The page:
society, pagan african is different from pagan european because different species descend from ( or created by )different gods. Abrahamic religions destroyed that linkage with parent gods that was passed from generation to generation persvading humans that they all have the same heritage from adam and eve which is not true. Despite that carnage species of any heritage with uncontaminated genetics have genetic linkage with parent spirits, in a way ancestrial gods of that bloodline live inside them. Those species are more noble and their genetic worth is greater for their bloodline, noble in a way. People with mixed genetics will have direction sent to them from different and often confilicting Gods from Hosts that are in a state of war with each other.

    Noble human species are born with inner measure of good and evil that they genetically inherit from their parent gods, they set boundaries for themselves accordingly. They also set boundaries for their own people around them, in a fatherly manner for the same species but standing on lower evolutionary level. It works the same as parents setting boundaries for their children. Remember that pagan was a cast based society. Casts are about survival really, everybody does what he can do best for the benefit of all. Cast of Priests connect to ancestrial Gods and set the strategy and boundaries, cast of warriors protects their people and enforces the strategy that priests set, cast of workers create material values for all, cast of outcasts does what nobody else wants to do.

    Boundaries are different for every casts because souls of different level incarnate within different cast, and different level souls need a different straight jacket to keep their path straight.
    And without properly set boundaries incarnated souls will get a degeneration instead of evolution in its development which nobody wants really.

    This practice survives to the modern day – at a specific age every child is taken to a priest to read his sacred name off his matrix ( soul ). Name reveals the purpose of this incarnation, soul evolutionary level, name also defines the boundaries for that person. Name is the same regardless of priest who reads it, if priest can’t read the name or misreads it he is unqualified and is a lier and to them law says:
    Кто присвоил волхвов себе шкуру с тех когтями ее сдерите вырвите с корнем язык…

    Matrix name also reveals if alien soul is incarnated into your bloodline due to the women’s promiscuity and many other things…

    • http://www.patheos.com/blogs/johnbeckett/ John Beckett

      Different groups of humans have different cultures and different gods, but we are one species, descended from one set of common ancestors. The sooner we understand this the better off we’ll be.

      Caste systems promote order at the expense of freedom. They are not helpful to our growth.

      Your final paragraph is misogynistic and possibly racist. Consider this a warning…

      • Barbaryan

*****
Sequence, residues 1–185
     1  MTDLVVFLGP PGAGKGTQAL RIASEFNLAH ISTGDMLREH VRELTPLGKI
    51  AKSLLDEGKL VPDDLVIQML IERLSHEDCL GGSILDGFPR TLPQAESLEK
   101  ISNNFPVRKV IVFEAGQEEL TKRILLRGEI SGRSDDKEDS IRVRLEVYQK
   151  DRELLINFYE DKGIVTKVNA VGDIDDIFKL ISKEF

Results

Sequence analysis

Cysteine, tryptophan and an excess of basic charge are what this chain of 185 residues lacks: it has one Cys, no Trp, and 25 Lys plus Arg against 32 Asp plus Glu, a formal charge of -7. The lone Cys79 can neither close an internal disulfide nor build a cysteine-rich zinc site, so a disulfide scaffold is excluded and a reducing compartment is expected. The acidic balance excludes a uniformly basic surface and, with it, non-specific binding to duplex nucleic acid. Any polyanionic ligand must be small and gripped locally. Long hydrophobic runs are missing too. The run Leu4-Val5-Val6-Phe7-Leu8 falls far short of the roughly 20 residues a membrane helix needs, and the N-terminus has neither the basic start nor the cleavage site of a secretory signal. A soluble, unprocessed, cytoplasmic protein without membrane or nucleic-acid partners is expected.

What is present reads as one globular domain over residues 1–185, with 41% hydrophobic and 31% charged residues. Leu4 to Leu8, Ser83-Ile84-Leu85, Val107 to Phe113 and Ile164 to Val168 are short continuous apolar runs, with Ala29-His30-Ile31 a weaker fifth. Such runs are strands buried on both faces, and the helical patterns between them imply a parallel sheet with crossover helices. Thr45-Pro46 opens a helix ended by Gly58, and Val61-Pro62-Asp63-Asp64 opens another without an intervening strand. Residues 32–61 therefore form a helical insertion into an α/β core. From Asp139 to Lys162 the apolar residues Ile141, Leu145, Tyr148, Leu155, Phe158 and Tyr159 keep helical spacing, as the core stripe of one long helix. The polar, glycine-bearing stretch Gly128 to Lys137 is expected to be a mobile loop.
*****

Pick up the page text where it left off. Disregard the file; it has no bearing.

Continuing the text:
There is no such thing as common ancestry for different human species. This was a Christian lie first and now taken over by post Christian pagans without ancestry ties. We all have different gods because our ancestry is different and the main difference is set by the race, species within a race are related and their gods are related. Offspring of whitest Blonds and blackest Blacks will be sterile within 8 generation, sterile offspring happens with different but close animal species the same way. This planet is called Midgard for the reason, it is in the mid of the intersection and different human species come from different Hosts of different gods to learn from each other in their lesson called life. Ancient bloodline laws of RITA stand today as they stood when precession was on the other galactic side and different Gods ruled this place.

        • http://www.patheos.com/blogs/johnbeckett/ John Beckett

          Unless you have some strong evidence to refute the last century or so of archeology, genetics and linguistics, I will simply state that your argument is factually incorrect.

          Pagans of all people should not repeat the mistakes of Christian fundamentalists and attempt to read their myths literally. It is neither necessary nor helpful.

  • http://www.herlanderwalking.wordpress.com Syrbal/Labrys

    The concept of crossing boundaries is particularly of interest to me. I have been a very intensely disciplined person most of my life, creating boundaries as a daily norm and living securely within the “lines”. Of course, culture has always imposed certain boundaries based on everything from gender to pay grade, and after six decades of building boundary ‘fences’ AND breaking down more than a few not of my own making? One finds it easier to examine whether all those boundaries are worthwhile.

    Boundaries do aid, as you say, in keeping the universe decipherable; however, one can fall prey to over-specialization. So occasionally, sitting on the “fence” reveals new views invisible from either side. And then, since my personal path is shamanistically inclined it of necessity involves crossing lines and knocking on locked doors….and entering without answer at times. I begin to think now, as I enter age with unexpected enthusiasm, that there comes a time to start deconstructing boundaries to discover what lies beyond.

  • Pingback: Know Your Theological Boundaries

  • http://www.endlesserring.wordpress.com Treeshrew

    Wow, looks like you’ve got some crazy racists up in here. Shame.